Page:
A: We have cleared most of the debts. If we sell Maika the shareholders can get RM1 per share inclusive of bonus shares. There was a RM1.75 offer per Maika share by a listed company but Nesa Co-operative (linked with former MIC deputy president Datuk S. Subramaniam) took an injunction to stop the sale. There was a delay in lifting the injunction, the economic conditions changed and the buyer moved on.

Q: What’s the final plan?

A: The final plan is to sell, pay back the shareholders and wind up the company.

Q: But I understand some shareholders want to revive Maika?

A: Yes, some shareholders want to move assets to a new company under a new name and all over again under a new and capable leadership. We have many corporate talents out there we can hire.

Q: Are there new offers to buy out Maika Holdings?

A: Yes, two parties are interested and the offer is better than the first offer. The parties are writing to Bank Negara for permission to negotiate. If it comes through we can pay all shareholders and wind up Maika in about a year. But an AGM will have to be called and approval sought on this.

Q: That’s it?

A: Yes, sell everything, pay off shareholders and wind up the company. It still can be saved but the community is divided, there is no unity. They make political statements, bashed up Maika. If this can end we can have a powerful Maika.

Q: Any one person to be blamed for the failure?

A: No… I don’t want to blame any individual. All I can say is when I took over it was worth 28 sen and now it is worth over RM1.

Q: What went wrong then?

A: The business decision (to invest in soft drinks, glove-making, etc) was not right. We competed against giants and lost. We made one business decision but two years down the line the business environment had changed.

Q: But isn’t that the same for everyone… I mean the risk?

A: We were hit once too often and political enemies are always attacking us. Who would want to do business with Maika which was constantly under attack?

Q: How do you rationalise the severe criticism the MIC gets?

A: Well we don’t have the political muscle of Umno or the economic muscle of the MCA so we get bashed up. As a party we rely on what we get from government. We make do with what we get.

Q: Why didn’t the MIC push for more?

A: You see we were under this myth that if you pushed you would be penalised and that MIC rivals like PPP would be favoured. It was classic divide and rule and we did not push fearing we lose what little we have. We are all under this myth — that you can push the government only so much, beyond that… no.

Q: Maybe you did not want to push being part of the Umno set up?

A: We had the community to answer to on one side and at the same time we were part of the government. We were in a Catch-22 position. If you push too much you would be sidelined. The Sothinathan issue is an example. It is always like you push, I will undermine.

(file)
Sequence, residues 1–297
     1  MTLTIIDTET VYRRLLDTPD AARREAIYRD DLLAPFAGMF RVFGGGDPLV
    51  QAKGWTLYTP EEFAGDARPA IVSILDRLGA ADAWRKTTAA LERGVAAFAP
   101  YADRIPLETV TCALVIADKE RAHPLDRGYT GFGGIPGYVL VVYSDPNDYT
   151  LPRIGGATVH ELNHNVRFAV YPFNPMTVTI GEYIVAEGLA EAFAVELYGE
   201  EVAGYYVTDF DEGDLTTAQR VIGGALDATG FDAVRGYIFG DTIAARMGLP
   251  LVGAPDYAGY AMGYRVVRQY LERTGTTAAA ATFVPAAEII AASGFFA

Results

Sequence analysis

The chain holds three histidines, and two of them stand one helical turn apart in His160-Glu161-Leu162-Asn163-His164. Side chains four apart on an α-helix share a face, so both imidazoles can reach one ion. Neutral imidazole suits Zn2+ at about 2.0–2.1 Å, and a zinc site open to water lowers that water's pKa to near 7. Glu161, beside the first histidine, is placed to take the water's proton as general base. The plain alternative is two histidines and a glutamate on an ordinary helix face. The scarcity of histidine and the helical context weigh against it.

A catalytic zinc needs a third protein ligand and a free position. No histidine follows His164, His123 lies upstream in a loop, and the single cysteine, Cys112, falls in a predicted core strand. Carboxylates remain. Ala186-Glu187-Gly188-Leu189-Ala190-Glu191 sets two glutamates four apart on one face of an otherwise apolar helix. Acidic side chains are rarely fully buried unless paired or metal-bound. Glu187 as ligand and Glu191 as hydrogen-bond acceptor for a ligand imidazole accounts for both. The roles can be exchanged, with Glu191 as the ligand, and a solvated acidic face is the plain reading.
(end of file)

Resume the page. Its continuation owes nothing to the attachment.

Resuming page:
(MIC vice-president Datuk S. Sothinathan was suspended from Parliament for three months for breaking government ranks over the qualification of medical students in Ukraine.)

Q: How about the Nov 25 rally?

A: I called them myth busters, they broke the myth that you cannot push, that the government is invincible. The political tsunami happened and everybody… Malays, Chinese and Indians voted opposition. Suddenly we have guts to talk now. We are voicing out for the Indian community. Speaking up and we are not worried anymore.

Q: The community punished MIC on March 8?

A: No I would say the community punished the government not the MIC because over a period frustration has been building up. We went out trying to save the government’s respect and we ended up losing our respect!

Q: What is the situation now a year later?

A: The MIC remains vibrant and the government especially under Datuk Seri Najib is very sensitive and responsive. The bureaucracy is still slow to respond.

Q: How did your father take the Sungei Siput defeat?

A: He told me a day earlier that it was a tough battle and to get prepared mentally for a defeat. He was ready for defeat. He accepted the verdict. We kept most of the Indian votes but Malay and Chinese voters were lost leading to defeat.

Q: When is your father planning to hand over?

A: He does not want to remain forever. He knows he has to hand over. In fact last August he told us he wants to take leave and asked Palani (deputy president Datuk G. Palanivel) to take over as acting president. He (Samy Vellu) told us that when he returns from leave he would formalise the arrangement. But party leaders were not ready for it… they want him to stay for a while. In December he said the same thing and they objected again.

Q: But he has a departure plan?

A: He is ready. He has said he will hand over once the deputy his elected. I would say about a year after the deputy is elected

June 12, 2009 - Posted by | Uncategorized